Harnessing the power of ultrasound



Ultrasound has tremendous potential that Catherine Laporte, a professor in the Department of Electrical Engineering and the co-director of the Biomedical Information Processing Laboratory at École de technologie supérieure (ETS), intends to exploit.

In addition to being inexpensive and non invasive, this technique does not involve the use of harmful radiation.

Ultrasound, a medical imaging technique that uses high frequency sound waves, is popular with the medical community and patients alike because, in addition to being inexpensive and non invasive, it does not involve the use of harmful radiation. It is commonly used in obstetrics to observe the fetus in the womb, and to guide surgeons during operations. The only drawback is that image acquisition and analysis pose a number of challenges that limit the use of ultrasound. Currently, visualization in 2D is the norm. Using a probe that must be properly placed and oriented, the user obtains multiple images from different angles in order to mentally reconstruct the structure being observed. As a result, the quality of data acquisition and its interpretation in 3 dimensions depend on the experience of the practitioner.

In collaboration with colleagues at Polytechnique Montréal, Catherine Laporte and her team are seeking to develop simulation models that will guide the user in positioning the ultrasound probe, in order to obtain better quality images. To do so, the researchers must anticipate and calculate all types of possible situations, in order to come up with predictive models for various organs, tissues and bone structures.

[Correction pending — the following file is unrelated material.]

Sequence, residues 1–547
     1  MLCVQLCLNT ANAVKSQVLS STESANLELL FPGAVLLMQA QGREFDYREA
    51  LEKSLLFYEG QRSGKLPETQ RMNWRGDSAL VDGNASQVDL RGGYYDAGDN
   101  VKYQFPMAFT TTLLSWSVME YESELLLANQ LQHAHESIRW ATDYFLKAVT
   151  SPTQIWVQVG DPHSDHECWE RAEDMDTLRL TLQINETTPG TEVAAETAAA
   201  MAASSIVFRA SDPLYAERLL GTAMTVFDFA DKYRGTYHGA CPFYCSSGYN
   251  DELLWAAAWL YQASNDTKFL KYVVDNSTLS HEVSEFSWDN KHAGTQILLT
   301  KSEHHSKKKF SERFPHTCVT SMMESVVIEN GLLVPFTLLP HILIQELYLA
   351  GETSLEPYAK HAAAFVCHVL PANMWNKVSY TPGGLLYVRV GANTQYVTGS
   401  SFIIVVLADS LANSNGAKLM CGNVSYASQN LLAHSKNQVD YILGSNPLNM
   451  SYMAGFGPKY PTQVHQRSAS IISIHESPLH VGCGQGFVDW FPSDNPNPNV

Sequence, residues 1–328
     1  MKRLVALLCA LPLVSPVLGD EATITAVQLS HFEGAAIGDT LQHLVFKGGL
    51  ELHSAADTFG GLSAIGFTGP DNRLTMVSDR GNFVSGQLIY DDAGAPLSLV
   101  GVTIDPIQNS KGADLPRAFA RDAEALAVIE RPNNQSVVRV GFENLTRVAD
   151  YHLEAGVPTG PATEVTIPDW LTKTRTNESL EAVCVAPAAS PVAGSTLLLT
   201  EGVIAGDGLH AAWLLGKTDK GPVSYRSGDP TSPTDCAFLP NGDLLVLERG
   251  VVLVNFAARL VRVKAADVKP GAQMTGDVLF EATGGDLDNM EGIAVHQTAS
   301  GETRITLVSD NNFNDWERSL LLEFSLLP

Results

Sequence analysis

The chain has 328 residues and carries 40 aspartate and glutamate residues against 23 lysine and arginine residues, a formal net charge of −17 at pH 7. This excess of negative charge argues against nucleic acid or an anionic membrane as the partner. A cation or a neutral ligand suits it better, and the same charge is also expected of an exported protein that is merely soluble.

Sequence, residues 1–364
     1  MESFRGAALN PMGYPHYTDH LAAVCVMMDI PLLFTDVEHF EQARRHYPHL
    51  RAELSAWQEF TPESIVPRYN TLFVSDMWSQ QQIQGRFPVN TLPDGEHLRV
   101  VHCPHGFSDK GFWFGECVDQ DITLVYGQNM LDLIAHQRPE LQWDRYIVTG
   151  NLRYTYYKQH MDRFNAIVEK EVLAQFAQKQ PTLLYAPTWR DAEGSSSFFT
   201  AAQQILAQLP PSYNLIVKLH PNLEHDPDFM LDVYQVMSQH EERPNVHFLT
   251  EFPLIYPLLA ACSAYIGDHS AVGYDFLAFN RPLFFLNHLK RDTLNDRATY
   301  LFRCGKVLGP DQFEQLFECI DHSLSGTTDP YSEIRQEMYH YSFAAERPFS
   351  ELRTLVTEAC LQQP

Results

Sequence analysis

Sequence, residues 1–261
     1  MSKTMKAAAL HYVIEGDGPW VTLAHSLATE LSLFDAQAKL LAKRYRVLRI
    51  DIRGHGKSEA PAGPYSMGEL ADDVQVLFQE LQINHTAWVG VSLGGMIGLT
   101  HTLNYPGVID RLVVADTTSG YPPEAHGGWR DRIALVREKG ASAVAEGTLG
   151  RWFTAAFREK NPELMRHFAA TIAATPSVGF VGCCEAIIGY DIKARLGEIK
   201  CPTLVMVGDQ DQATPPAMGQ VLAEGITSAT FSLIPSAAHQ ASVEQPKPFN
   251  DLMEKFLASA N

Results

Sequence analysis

For example, Catherine Laporte believes that the acoustic shadow of bone can be used to obtain more information about the patient's anatomy. Bone absorbs ultrasound, preventing it from penetrating any further and creating zones of shadow. The scientists are working on developing mathematical algorithms to analyze these shadows so as to enable orthopaedists to visualize the degree of deformation of the spinal column. And that is just one of the many potential uses of ultrasound!